Eco-friendly mineral make-up

G Magazine

Make-up that rocks!

From the times of ancient Egypt, when Cleopatra outlined her eyes with kohl, women have used make-up as a means of enhancing their features.

But where our ancestors once used natural ingredients such as herbs, roots, essential oils, flowers and minerals, today's cosmetics are often more likely to contain a cocktail of chemicals that sound like they'd be better suited to a plastics laboratory.

Unfortunately, you're just as likely to be putting petrochemicals, preservatives, parabens and paraffin on your face as you are to be putting them in your petrol tank - in fact, it's estimated that the average woman will swallow approximately two kilograms of petroleum in her lifetime just from wearing lipstick.

Make-up wake-up

If that's not enough to make the cosmetics industry seem decidedly ugly, the list of environmentally hazardous ingredients certainly is.

Even the non-petrochemical components can have you reaching for the cleanser.

Palm oil for example, an ingredient you're likely to find in soap, moisturiser and lipstick, takes a significant toll on rainforest wildlife such as orang-utans in Borneo and Sumatra, while 'lanolin' and 'carmine' sound innocuous, but are actually animal by-products (of sheep and insects respectively).

Incredibly, the preservative BHA - which you'll find in many cosmetics, most commonly lipstick and eyeshadow - has not only been proven to bioaccumulate in the tissues of organisms and in aquatic ecosystems, but is, according to the US National Institute of Health, "reasonably anticipated to be a human carcinogen".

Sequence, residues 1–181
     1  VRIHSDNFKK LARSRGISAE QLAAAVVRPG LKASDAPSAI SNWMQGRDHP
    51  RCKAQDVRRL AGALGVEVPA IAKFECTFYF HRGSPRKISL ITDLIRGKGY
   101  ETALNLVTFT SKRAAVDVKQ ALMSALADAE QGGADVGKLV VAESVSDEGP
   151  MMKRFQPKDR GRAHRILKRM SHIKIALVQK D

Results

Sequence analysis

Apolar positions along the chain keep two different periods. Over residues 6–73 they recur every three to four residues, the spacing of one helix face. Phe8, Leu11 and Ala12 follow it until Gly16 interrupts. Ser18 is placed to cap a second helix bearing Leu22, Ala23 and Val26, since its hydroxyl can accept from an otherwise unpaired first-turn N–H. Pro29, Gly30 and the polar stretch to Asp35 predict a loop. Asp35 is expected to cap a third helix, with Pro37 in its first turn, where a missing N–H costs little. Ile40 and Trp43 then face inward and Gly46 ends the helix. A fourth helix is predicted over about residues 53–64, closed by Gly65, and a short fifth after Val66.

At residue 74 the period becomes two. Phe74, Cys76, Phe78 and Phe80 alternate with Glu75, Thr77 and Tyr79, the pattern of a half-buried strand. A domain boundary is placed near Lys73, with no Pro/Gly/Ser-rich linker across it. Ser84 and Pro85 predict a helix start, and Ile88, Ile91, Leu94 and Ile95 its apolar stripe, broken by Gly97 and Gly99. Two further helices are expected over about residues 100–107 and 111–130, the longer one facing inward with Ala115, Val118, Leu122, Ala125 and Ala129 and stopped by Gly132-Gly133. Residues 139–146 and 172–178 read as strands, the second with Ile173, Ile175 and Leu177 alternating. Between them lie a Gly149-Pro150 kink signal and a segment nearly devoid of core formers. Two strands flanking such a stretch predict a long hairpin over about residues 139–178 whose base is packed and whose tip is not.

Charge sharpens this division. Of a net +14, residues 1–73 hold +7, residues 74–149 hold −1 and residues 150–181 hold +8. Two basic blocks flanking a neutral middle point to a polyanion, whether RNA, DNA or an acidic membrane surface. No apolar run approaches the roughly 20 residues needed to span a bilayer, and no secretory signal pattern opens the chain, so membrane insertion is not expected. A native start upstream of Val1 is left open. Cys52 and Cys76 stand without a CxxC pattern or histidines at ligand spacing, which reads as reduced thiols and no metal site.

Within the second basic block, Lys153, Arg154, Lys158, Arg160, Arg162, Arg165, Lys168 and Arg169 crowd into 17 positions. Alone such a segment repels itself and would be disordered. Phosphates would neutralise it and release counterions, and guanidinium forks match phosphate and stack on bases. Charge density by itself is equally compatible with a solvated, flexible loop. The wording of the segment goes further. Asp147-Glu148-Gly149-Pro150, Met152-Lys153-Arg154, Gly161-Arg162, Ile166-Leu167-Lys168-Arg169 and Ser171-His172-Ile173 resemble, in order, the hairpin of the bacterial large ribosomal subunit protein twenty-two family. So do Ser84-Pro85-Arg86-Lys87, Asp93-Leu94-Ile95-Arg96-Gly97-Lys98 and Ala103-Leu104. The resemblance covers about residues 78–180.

Add in the still-common practice of animal testing and the use of crude oil derivatives in everything, and you've got yourself a devastating equation.


Thanks to a growing number of ethical cosmetics companies and a rising awareness of the need for sustainability, there is a middle ground between going au naturel and having a bathroom cabinet full of environmentally damaging products.

Mineral make-up is different from its conventional cousin for a number of reasons, but the most obvious is in its name - it's made entirely from crushed, sterilised minerals.

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